It is seen that many women use non-prescribed methods to induce labor during pregnancy, in order to get rid of the discomforts associated with it. This study investigated the prevalence of such practices among pregnant women. Two hundred and one women at a Midwestern academic hospital were surveyed and it was found that 50.7% of them resorted to non-prescribed methods like walking, exercising, masturbation, sexual intercourse and nipple stimulation for the induction of labor. These women were young and at more advanced stages of pregnancy. According to the authors of this study, “maternity caregivers may want to inquire about such issues, especially where such interventions may do more harm than good.”
At the end of a pregnancy, labor is induced for a safe delivery. It has been observed that many first time mothers resort to medications and practices that are purported to help induction of labor and decrease the discomfort. Such beliefs are based on myths, wrongly placed advice and suggestions from family and friends. Some of these methods may harm the mother as well as the baby. Common practices include starvation, enemas, use of laxatives, sexual intercourse, heavy exercise, consumption of spicy food and the use of herbal drugs. This study attempted to evaluate the frequency of such practices and to find out whether the women discussed these with their physicians.
- A total of 201 women, who had had their babies delivered at a Midwestern hospital, were included in this study. The survey was conducted for a period of four months in the same hospital.
- The women were given a questionnaire asking them about the kind of non-medical methods they used to induce their own labor. They were also questioned about the source of such information and whether they had spoken about it to their doctors or caregivers.
- Information about their age, the timing and frequency of such interventions, method of delivery (normal vaginal or by Caesarean section) and the health of the baby was recorded.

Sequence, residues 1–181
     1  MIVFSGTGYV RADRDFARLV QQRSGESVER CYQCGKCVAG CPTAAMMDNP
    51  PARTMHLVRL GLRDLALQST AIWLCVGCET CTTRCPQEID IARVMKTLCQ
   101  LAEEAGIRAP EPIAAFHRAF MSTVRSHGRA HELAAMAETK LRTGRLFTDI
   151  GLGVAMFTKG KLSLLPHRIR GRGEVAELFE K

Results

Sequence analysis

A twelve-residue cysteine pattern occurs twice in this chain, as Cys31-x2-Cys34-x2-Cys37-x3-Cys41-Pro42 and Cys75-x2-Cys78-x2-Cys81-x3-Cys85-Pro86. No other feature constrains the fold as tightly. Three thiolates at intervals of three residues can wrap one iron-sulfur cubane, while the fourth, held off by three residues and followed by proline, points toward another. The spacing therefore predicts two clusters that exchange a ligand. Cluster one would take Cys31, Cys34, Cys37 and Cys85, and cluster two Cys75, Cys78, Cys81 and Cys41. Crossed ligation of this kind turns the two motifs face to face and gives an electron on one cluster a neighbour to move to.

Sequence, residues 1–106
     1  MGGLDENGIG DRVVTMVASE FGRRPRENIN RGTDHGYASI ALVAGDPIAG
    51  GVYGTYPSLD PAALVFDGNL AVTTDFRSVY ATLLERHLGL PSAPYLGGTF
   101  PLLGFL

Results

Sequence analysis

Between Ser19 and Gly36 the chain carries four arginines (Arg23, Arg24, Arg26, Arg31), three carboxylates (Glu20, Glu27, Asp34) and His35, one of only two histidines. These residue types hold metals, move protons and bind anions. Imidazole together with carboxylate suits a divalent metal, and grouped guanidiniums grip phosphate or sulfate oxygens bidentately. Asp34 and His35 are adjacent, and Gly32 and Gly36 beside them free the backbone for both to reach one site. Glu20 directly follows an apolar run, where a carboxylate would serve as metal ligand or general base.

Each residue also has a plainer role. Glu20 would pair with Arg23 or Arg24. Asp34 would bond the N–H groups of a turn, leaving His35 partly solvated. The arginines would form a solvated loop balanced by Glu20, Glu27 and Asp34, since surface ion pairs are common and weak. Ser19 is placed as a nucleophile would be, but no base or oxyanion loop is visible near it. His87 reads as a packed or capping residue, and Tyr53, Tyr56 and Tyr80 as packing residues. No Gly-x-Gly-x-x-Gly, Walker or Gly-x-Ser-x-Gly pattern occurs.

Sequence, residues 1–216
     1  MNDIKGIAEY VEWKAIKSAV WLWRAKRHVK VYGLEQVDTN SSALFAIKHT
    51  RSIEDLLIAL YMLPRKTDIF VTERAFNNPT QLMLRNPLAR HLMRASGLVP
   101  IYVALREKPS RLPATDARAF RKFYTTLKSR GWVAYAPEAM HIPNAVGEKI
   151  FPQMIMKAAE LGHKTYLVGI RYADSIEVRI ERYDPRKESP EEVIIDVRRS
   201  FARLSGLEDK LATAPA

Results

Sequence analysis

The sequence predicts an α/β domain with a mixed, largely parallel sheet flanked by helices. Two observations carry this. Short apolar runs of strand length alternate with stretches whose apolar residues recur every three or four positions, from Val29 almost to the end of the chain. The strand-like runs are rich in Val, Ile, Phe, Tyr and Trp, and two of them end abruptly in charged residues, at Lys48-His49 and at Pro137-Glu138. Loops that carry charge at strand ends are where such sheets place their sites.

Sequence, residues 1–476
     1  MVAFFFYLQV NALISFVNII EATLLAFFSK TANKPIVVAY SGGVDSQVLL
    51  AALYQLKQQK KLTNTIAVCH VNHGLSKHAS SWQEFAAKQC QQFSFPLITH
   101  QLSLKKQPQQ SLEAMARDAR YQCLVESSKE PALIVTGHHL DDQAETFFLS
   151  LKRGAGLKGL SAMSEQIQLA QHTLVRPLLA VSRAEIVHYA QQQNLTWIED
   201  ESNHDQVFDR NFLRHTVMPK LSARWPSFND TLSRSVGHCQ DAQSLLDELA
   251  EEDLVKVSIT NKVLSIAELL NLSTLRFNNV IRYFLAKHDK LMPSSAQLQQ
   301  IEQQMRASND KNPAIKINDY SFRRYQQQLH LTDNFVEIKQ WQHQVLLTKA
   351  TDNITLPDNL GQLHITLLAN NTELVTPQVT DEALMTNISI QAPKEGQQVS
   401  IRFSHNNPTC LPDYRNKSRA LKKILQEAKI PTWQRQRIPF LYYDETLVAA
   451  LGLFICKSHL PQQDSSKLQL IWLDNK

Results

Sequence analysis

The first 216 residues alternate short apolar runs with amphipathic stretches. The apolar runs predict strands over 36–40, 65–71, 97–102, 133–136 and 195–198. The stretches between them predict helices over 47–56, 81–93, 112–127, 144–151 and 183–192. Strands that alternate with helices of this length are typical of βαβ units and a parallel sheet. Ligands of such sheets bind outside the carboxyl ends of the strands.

- It was found that 50.7 percent women tried to induce labor using non-prescribed methods. 43.3 percent of women tried walking, 22.9 percent tried sexual intercourse, 10.9 percent tried consuming spicy foods, and 7.5 percent tried stimulation of the nipples to induce labor. A minor number of women tried heavy exercise, masturbation, laxatives, acupuncture and herbal medications to induce labor. Some women used more than a single method.
- Most of these women had obtained information about these methods from family (40.2 percent), friends (36.3 percent) and physicians (25.5 percent). Nurses, the Internet and the print media were rarely used as sources of such information. Less than half of the women (46 women) discussed the use of such non-prescribed methods with their doctors.
- Women who tried these methods were young, first-timers, at an advanced stage of pregnancy, who had had normal vaginal births.
According to the authors of this study, the participants were anonymous, and so, their clinical and demographic data could not be confirmed. This study relied on patient memory and may have been subjected to bias. The women surveyed may not have revealed the actual methods they used to induce labor. Furthermore, only English-speaking women were surveyed, and therefore, the methods prevalent among women from non-native cultures could not be assessed. Future studies that will focus on a wider sample population from larger areas, to investigate the reasons behind the prevalence of such measures, need to be conducted.
This study shows that nearly half of the surveyed women resorted to non-medical methods to induce labor. While most of the practices like walking and sexual intercourse are harmless, their efficacy is not yet clinically proven. Most of the methods may even harm the mother and the fetus. For example, some studies cite that “intestinal harm from enema use and herbal supplements lead to fetal cardiac complications”. The fact that only about half of these women informed their caregivers and doctors about these practices is a worrying revelation. The results also show that a quarter of the participants had obtained this information from their physicians. The authors indicate that research is necessary to look into how the physicians feel about giving such nonmedical advice. They conclude that caregivers and doctors should be aware of the use of such methods and the potential harm that these can cause to mothers and babies. It is their responsibility to ensure that such misconceptions are eliminated and that pregnant women do not put themselves at risk through such practices.
For More Information:
Women’s Use of Nonprescribed Methods to Induce Labor: A Brief Report
Publication Journal: Birth, June 2011
By Zaid Chaudhry; Jane Fischer
From the Ohio State University, Columbus, Ohio
*FYI Living Lab Reports Are Summaries of the Original Research.